taking a listen

by Ryan Snyder

reviews of local & state music CDs

Possum Jenkins Collection of Bad Habits

With every new release, Possum Jenkins has further entrenched themselves as one of the more diverse Americana acts around. Can they do sad songs? Of course. How about happy ones? Check. Can they all sing and play multiple instruments? Yes to that also. The last point is central to their development thus far, as every track on their third independent release, Collection of Bad Habits, has its own personality thanks to the musical versatility of several of the members of the sextet. The threesome of Dave Willis, Nathan Turner and David Brewer are all credited with handling vocal, guitar and drum duties, with Willis throwing in a little slide for good measure, and the product is an album of rugged and thoroughly individualistic tracks. Produced by Doug Williams, the emotions behind the songs of Collection of Bad Habits is just as sundried as the performers who take up point on them. “Reidsville” is a grimacing ode drinking deeply from the Drive-By Truckers catalog, while “Don’t Tell Me” finds them at their most effectual. It’s a simplistic, stripped-down stroll through major-chord strumming. accented by Brent Buckner’s jazzy harmonica. They may be at their best, however, when they’re just a little self-effacing (“if I’da known you was gonna be here, I’da wore a cleaner shirt” on “If Ida Known”) and even a sometimes a little rueful (“bad heart, bad genes, I guess I was doomed from the start” on “Bad Genes”). There’s plenty to like about Collection of Bad Habits and with so much diversity on one album, plenty of reasons to keep a few of those habits around.


Ed e. Ruger Lights Out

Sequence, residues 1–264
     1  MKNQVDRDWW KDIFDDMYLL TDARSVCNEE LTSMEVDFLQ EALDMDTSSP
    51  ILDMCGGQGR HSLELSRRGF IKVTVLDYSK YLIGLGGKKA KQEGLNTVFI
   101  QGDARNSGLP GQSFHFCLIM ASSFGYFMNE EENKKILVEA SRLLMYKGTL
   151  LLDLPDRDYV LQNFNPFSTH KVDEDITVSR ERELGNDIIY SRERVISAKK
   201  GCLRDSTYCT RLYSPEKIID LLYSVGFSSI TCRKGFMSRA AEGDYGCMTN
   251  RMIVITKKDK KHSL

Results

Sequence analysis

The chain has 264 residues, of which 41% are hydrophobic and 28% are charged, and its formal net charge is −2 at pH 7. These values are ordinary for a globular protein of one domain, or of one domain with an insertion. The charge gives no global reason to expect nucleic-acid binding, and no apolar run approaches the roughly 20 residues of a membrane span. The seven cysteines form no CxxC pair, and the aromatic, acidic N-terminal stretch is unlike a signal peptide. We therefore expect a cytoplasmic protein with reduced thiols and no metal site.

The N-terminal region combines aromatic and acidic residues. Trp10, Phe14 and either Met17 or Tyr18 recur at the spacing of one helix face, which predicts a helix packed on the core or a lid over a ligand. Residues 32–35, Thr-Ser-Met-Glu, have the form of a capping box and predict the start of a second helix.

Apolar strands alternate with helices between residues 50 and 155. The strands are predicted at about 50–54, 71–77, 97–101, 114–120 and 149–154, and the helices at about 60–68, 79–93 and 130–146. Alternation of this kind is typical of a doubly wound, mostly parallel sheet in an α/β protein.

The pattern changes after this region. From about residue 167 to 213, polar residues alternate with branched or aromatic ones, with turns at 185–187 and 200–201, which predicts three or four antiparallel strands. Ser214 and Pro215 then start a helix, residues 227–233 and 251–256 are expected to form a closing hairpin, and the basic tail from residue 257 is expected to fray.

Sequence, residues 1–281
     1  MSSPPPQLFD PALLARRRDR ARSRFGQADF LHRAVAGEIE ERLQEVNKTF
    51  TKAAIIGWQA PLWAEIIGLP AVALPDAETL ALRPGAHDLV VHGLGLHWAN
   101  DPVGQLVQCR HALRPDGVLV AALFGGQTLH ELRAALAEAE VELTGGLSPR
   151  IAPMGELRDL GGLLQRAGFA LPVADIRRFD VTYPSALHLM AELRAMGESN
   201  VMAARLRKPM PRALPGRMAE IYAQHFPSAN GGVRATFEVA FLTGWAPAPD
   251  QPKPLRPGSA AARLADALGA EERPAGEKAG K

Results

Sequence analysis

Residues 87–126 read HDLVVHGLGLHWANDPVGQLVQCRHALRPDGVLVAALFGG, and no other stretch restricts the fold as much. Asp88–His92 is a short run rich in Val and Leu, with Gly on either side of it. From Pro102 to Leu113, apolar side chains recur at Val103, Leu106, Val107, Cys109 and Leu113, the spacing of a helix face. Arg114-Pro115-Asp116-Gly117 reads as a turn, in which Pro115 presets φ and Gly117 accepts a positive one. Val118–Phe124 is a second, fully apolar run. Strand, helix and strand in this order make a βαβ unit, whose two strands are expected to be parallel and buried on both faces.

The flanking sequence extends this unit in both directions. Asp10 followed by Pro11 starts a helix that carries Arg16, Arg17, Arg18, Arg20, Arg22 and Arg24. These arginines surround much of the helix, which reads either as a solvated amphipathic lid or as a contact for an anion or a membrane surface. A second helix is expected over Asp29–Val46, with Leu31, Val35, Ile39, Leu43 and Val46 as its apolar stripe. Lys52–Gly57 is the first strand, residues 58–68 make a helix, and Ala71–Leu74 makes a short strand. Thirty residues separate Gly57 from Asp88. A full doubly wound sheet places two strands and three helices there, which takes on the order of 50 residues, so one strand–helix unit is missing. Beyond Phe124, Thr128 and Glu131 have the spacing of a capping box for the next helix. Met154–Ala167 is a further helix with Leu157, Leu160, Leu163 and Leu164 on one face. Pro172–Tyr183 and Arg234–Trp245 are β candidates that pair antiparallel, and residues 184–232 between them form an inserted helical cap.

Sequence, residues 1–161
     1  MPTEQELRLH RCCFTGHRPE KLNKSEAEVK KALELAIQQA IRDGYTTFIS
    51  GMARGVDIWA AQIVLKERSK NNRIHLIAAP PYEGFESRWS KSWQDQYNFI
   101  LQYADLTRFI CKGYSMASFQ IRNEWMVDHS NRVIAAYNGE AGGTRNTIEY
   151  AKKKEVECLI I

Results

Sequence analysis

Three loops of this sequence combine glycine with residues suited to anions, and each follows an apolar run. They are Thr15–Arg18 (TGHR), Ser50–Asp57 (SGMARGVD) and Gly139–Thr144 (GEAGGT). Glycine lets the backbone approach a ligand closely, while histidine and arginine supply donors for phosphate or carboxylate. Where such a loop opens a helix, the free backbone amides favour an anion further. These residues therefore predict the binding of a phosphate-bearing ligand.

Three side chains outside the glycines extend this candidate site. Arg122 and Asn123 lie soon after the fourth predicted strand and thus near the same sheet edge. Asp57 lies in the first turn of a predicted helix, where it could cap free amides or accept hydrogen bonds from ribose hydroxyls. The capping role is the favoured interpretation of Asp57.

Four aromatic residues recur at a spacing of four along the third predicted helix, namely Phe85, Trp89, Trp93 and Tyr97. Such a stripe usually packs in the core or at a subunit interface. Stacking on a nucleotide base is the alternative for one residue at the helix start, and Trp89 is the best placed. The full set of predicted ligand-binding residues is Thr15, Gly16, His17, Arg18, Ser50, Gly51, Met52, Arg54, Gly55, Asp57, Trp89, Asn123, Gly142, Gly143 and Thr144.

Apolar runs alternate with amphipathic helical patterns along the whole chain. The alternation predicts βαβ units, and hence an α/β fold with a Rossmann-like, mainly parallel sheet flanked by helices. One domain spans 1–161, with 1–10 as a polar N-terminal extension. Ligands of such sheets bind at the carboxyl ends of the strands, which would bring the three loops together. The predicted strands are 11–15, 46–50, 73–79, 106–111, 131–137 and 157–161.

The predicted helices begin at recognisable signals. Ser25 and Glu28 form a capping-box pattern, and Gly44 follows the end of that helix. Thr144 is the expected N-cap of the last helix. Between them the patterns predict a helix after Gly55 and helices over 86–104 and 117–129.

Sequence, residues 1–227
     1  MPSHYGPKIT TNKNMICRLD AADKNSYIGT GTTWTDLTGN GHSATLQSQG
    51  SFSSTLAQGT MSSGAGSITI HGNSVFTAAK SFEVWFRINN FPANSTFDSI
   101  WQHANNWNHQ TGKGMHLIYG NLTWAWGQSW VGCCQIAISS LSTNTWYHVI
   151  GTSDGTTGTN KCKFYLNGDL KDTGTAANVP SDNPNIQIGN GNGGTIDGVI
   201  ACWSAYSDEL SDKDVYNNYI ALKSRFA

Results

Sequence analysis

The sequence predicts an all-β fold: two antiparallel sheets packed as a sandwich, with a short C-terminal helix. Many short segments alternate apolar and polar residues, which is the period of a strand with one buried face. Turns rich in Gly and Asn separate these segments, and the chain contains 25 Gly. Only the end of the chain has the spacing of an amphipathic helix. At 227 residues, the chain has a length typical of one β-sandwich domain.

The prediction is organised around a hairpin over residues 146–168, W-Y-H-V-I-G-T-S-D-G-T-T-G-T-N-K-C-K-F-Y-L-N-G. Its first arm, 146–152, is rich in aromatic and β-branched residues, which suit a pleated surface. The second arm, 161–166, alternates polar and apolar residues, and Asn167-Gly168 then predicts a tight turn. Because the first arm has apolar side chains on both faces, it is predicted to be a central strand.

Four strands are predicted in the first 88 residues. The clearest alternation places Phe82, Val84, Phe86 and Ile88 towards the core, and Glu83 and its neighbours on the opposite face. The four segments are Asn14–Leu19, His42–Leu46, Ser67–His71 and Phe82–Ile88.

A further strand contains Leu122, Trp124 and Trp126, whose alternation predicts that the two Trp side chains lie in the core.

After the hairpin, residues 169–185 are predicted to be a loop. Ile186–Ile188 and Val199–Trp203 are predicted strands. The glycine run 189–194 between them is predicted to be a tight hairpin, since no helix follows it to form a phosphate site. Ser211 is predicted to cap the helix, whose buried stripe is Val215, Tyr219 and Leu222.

More shots coming from the Ruger, and this time they’re laced with vitriol and cyanide. Greensboro rapper Ed E. Ruger’s ( third full-length individual release, Lights Out, is driven just as much by his contempt for hip-hop pretenders as it is by ganja smoke and hard-hitting beats. With an aggressive flow that’s all his own, Ruger is downright ruthless at times, attacking other MCs over everything from their online networking (“I Hate Everybody”) to their greenery preferences (“Smoke Some Weed”). “I Hate Everybody” is particularly noteworthy because of its outright tongue-in-cheek connotation, where Ruger hates on just about everyone: his enemies, his close associations and himself prefaced by a more-than-appropriate sound bite from Half Baked over a grimy backbeat. Despite all of the macho posturing that defines Lights Out, it ends on a somewhat bittersweet note on “Y’all Just Don’t Get It.” In it, the pursuit of a good buzz and a few bucks while marking his musical territory takes a backseat for a moment while Ruger lays out the discontent stemming from being a rapper of great potential without the monetary success to show for it. Lights Out is a highly blue-collar effort from Ruger, but with the kind of slick rhymes, pointed themes and thumping beats that fans have come to expect from one of the most respected underground rappers in the area.


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